Chennai, India info@chakrafoundation.org +91

Gopal Nayak

(1728 – 1801) – (Tamilnadu)

Gopal Naicker (Aged 73) was born on 14th January 1728. His original name was Thirumalai Kupala Chinnapa Naicker.Gopal Nayak was one of the pioneering leaders of the liberation struggle against the British in Tamil Nadu. He was among the notable kings who mobilized a large force in the eighteenth century to drive the British out of Tamil soil. As the ruler of Virupachchi town in the middle of Dindigul-Palani, he led the Nayaks Palayam of that time. However, he was hanged by the English East India Company in September 1801 for revolting against the British. Today, his memorial can be found in the Virupachchi area.

Under the watchful eye of Gopalanayakar, a Virupachchi settler, the revolutionaries stormed the English camps and confiscated weapons and supplies. Gopal Nayak formed a comprehensive alliance with Maruthupandiyar (a neighbor) and Tundasivak, the king of the Kannada Maratha region, which was called the Peninsular Federation. This alliance was strengthened by the Sivaganga Seema led by the Maruthupandiyars, as well as the Dindigul Federation led by Gopala Nayak. In addition, Tuntasivakkum Kiruttinapanayakkar in Kannada and Keralavarman in Malabar opposed the British through a coalition. The allies ran in Coimbatore and Salem, where Erode Mutharsinnan and Kanisakan were the leaders. Manapparai Lakshmi Nayak and Devadanapatti Pusari Nayak also aided Gopala Nayak by providing their warriors.

In Palani, the ambassadors of these leaders met under the leadership of Gopal Nayak, where representatives of about 3,000 villages in southern Seema gathered at the option and vowed to drive out the whites. The call was carried through the palm fronds of the villages. The First War of Independence began with the mass participation of the people under the leadership of the Peninsular Federation. In April 1800, they planned the final phase of the war under the leadership of Gopal Nayak. The meeting was attended by Kerala Varma, Mysore Kiruttinappa, Sivagangai Chinnamaruthu, Kovai Hajihan, Ramanathapuram Kalyanithevar, and Perumal Pillai.

In 1800, they decided to attack the British army camp at Coimbatore simultaneously from all four sides. Accordingly, it was decided that Hosur Putta Mohammad, Ichapatti Ramanullah Khan, Hosur Mohammad Hassan, Paramathi Appavu, and Sesaiya would be the commanders. However, the news reached the English, and they stopped the artillery on all four sides and surrounded the revolutionary forces, arresting them and brutally murdering them. Commander Mohammad Haasan beheaded Salem Collector McLeod, believing that the alliance’s secrecy should not be lost.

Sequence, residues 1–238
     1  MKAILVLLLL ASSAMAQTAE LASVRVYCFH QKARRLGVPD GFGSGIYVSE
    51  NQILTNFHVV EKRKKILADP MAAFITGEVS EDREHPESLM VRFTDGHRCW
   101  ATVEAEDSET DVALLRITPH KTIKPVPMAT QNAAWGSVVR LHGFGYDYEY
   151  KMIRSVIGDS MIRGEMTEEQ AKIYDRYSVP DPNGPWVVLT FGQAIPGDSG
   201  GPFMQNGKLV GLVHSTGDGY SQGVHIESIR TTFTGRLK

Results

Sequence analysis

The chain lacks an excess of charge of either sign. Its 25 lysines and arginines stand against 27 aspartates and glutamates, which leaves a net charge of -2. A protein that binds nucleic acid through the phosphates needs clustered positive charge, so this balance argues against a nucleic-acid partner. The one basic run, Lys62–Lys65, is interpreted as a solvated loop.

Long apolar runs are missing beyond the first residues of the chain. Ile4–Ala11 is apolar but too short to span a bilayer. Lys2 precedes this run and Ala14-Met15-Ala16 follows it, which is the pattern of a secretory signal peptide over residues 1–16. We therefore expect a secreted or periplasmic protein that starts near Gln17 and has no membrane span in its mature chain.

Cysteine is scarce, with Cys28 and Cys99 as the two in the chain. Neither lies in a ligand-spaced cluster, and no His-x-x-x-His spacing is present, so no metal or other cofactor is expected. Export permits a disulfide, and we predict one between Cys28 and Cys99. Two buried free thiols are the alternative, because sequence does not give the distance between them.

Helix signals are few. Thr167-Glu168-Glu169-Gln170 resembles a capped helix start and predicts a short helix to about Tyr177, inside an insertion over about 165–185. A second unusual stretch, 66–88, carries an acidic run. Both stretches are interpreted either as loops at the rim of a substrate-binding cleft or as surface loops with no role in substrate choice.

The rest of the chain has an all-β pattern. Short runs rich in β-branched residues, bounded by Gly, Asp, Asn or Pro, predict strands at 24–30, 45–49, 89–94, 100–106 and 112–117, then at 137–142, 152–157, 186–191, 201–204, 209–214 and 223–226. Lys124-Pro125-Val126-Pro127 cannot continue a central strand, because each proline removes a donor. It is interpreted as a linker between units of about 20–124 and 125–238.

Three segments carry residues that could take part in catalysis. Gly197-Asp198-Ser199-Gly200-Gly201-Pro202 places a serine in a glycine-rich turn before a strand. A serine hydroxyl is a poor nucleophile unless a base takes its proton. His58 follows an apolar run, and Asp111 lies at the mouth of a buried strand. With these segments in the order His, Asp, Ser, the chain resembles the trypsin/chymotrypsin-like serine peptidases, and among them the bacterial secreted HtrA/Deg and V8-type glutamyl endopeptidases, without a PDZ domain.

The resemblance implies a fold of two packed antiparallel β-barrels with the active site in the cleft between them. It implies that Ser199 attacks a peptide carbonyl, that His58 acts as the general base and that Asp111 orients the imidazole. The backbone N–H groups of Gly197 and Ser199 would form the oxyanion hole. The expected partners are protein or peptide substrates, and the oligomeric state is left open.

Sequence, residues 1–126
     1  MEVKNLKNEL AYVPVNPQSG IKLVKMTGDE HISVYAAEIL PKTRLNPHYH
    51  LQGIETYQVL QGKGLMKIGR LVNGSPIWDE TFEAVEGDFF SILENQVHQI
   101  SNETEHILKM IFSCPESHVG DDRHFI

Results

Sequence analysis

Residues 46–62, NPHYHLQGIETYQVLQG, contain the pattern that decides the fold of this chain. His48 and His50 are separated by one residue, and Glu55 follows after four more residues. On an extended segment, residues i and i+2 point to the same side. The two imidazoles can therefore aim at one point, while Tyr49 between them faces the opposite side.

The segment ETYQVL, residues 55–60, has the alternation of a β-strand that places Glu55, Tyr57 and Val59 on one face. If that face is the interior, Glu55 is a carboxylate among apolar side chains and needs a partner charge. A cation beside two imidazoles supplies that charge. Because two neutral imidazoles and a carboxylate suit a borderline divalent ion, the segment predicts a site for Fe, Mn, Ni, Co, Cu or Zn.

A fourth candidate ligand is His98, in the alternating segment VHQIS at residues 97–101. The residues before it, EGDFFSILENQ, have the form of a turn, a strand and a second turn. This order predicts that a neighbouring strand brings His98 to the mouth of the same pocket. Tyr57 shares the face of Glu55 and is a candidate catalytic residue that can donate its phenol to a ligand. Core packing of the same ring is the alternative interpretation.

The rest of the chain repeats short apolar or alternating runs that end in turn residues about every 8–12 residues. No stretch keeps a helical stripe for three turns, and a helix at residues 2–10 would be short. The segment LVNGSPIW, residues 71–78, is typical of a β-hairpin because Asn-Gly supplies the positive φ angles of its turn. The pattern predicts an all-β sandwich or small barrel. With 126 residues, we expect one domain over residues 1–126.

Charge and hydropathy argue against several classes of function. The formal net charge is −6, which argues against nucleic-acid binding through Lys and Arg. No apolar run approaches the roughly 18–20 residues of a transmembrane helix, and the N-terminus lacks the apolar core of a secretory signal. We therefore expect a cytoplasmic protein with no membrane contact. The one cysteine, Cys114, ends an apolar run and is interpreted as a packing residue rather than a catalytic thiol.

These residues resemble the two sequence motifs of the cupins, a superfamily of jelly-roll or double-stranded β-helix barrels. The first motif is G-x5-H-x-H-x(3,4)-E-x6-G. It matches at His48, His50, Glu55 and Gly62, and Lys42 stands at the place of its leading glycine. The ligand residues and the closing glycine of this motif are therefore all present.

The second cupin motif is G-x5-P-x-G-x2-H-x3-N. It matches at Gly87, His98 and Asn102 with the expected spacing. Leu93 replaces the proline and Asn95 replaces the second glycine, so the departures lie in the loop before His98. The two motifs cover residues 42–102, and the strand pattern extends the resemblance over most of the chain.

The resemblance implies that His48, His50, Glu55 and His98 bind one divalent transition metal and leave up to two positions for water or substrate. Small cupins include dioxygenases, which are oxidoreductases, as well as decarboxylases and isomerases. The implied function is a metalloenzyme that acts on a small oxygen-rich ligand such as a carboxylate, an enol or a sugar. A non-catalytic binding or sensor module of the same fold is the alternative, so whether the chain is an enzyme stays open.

In October 1800, after the invasion of Coimbatore, the British lieutenant Colonel Innes besieged Virupachchi with a large force. The people of Virupachchi, Idayakottai, Velur, and other camp warriors fought in front of the palace of the Chattrapathi camp. Unfortunately, Muthuvel Nayak, the eldest son of Gopal Nayak, was killed in the battle, and Gopal Nayak escaped. In Karnataka, the Maratha army commander Tundasivak was arrested and tied to the mouth of the cannon.

Afterwards, a group of 22 individuals, which included Gopal Nayak’s wife Papammal and youngest son Ponnappa Nayak, were held in captivity in Dindigul until the year 1816. Gopal Nayak had offered a reward of 20,000 rupees per person for their capture. Unfortunately, some people betrayed the cause for money, resulting in their capture and subsequent execution by hanging on a fermented tree in a pond located outside Dindigul in September of 1801.

In recognition of his efforts to mobilize the Confederation in Dindigul against the British and his collaboration with Rani Velunacharya during the silent struggle to expel the British from the country, Tirumala Gopala Chinnappa Nayak built a manimanda on behalf of the Tamil Nadu government with the support of Kerala Verma, Dundasivak, and others.